Fire and rescue overhaul still worries MPs
MPs have expressed fresh concerns about the legacy of an aborted restructuring of fire and rescue services in England.
The Commons Public Accounts Committee said four out of nine regional control centres, whose planned introduction was scrapped in 2010, were still vacant.
And it said a new system based on local improvements was running late and may not deliver value for money.
Ministers say they have taken "decisive action" to protect public money and the programme was now "on schedule".
Plans conceived by the last Labour government to consolidate 46 emergency control rooms into nine regional centres, connected by a national computer system, were abandoned after six years at an estimated cost of £482m.
'Economies of scale'
MPs described this as "ones of the worst cases of project failure" they had ever seen and said the repercussions were still being felt.
Four of the nine buildings earmarked for the centres have lain empty ever since and the cross-party committee warned that the prospects of finding tenants for the specially designed facilities "do not look good".
Subsidies may have to be offered to find occupiers although it said the cost of doing so must be minimised.
The MPs said they also remained to be convinced that the coalition's alternative approach - in which £84m is being spent to improve 22 control rooms and encourage greater collaboration between different authorities - was working.
Several projects were running late, it suggested, and it doubted whether local managers had sufficient commercial expertise to get the best deals from contractors and monitor contracts effectively.
It said ministers must ensure that national objectives - such as ensuring emergency resilience - continued to be met while allowing individual authorities to procure services and systems separately.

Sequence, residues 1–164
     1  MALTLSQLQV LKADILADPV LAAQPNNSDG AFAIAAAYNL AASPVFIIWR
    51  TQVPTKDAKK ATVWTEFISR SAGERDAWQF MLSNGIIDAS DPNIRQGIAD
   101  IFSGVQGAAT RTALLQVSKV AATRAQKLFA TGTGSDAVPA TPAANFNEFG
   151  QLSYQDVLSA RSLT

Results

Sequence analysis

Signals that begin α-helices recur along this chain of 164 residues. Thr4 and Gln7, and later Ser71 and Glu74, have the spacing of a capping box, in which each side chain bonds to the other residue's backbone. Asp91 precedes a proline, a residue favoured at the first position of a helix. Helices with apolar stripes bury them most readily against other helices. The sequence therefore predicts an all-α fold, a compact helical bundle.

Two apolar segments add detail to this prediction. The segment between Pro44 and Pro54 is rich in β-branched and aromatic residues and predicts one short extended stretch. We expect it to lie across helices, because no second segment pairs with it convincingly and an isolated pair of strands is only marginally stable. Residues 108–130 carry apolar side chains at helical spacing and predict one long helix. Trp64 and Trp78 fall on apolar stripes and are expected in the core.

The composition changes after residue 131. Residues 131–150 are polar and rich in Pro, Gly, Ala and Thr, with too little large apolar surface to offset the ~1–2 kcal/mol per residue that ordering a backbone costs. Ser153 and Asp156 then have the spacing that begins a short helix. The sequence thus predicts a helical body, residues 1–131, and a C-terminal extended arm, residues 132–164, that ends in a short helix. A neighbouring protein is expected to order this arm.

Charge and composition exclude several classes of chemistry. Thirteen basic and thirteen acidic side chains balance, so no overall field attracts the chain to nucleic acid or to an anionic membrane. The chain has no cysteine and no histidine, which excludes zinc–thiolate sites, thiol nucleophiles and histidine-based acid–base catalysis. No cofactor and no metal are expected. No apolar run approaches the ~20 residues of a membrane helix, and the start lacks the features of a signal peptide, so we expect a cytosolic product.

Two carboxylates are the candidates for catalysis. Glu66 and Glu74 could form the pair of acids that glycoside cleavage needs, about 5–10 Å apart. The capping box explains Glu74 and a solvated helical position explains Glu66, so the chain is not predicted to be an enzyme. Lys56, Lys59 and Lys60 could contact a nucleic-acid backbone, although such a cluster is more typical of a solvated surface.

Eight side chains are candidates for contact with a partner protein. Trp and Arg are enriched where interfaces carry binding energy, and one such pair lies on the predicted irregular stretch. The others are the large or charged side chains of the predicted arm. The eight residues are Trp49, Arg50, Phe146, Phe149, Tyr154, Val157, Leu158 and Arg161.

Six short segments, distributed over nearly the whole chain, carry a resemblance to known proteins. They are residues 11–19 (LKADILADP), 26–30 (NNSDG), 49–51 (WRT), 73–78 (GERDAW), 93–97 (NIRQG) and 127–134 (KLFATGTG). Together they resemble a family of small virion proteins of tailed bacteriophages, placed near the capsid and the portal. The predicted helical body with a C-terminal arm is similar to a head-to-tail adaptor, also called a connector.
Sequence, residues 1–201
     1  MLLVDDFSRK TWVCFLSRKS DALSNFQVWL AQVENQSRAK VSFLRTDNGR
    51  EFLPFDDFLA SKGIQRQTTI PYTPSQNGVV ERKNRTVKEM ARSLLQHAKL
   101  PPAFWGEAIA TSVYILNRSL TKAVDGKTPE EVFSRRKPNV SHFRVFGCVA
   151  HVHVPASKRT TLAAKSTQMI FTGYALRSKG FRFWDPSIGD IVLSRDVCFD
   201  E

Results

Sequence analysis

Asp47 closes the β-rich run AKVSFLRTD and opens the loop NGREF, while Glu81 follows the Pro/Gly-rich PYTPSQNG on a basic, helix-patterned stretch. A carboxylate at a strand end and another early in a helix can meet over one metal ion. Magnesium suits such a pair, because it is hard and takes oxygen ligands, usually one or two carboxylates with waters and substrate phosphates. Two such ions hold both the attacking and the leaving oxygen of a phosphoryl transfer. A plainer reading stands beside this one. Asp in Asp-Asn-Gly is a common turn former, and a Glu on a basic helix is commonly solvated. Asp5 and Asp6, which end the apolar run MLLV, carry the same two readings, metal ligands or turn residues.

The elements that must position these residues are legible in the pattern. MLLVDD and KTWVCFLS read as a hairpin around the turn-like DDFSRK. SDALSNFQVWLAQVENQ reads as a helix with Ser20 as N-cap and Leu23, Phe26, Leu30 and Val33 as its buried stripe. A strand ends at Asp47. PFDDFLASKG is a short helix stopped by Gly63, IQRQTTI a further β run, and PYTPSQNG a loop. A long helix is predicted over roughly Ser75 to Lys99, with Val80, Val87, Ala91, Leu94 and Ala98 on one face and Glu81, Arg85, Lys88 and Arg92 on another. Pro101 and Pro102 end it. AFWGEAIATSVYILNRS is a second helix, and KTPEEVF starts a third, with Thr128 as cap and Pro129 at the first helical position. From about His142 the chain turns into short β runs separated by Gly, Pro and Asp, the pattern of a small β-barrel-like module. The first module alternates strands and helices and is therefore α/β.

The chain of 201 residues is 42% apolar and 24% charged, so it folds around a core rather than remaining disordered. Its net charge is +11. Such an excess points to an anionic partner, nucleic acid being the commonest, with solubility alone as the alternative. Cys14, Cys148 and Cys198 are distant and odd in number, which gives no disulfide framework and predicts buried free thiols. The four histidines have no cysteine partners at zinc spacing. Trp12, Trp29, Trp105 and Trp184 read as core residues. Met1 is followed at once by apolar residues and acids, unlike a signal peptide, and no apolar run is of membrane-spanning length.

"There is a risk that the DCLG has swung from an overly prescriptive national approach to one that does not provide enough national oversight and co-ordination and fails to meet national needs or achieve economies of scale," committee chair Margaret Hodge said.
"Devolving decision-making and delivery to local bodies does not remove the duty on the Department to account for value for money," the Labour MP added.
The Department for Communities and Local Government said it had been right to cancel a project that was "over-budget, behind schedule and failed to work" and to pursue a totally different approach.
"A programme of locally determined improvements have been put in place which are increasing collaboration, efficiency and resilience across fire authorities' 999 control room arrangements," a spokesman said.
"This includes better technology and faster and more reliable fall-back arrangements.
"The programme is now on schedule and on budget and will produce £126m in savings for taxpayers by 2021-22. The PAC report fails to take these factors into account and many of the conclusions that the report draws are not supported by evidence."
The Local Government Association said the report threatened to "undermine the progress being made" but the Fire Brigades Union said the MPs' recommendations were "very sound".
"This colossal waste of taxpayers' money must not be allowed to happen again," said Matt Wrack, its general secretary.
"The taxpayer is still paying for buildings that were built with private money, and money set aside to modernise control centres has been misspent on nonsensical mergers of control regions that are not even geographical neighbours.
"If we're to protect public safety and national resilience, we need national support and coordination of control centres - and to include the expertise of control staff themselves in the planning and delivery of services."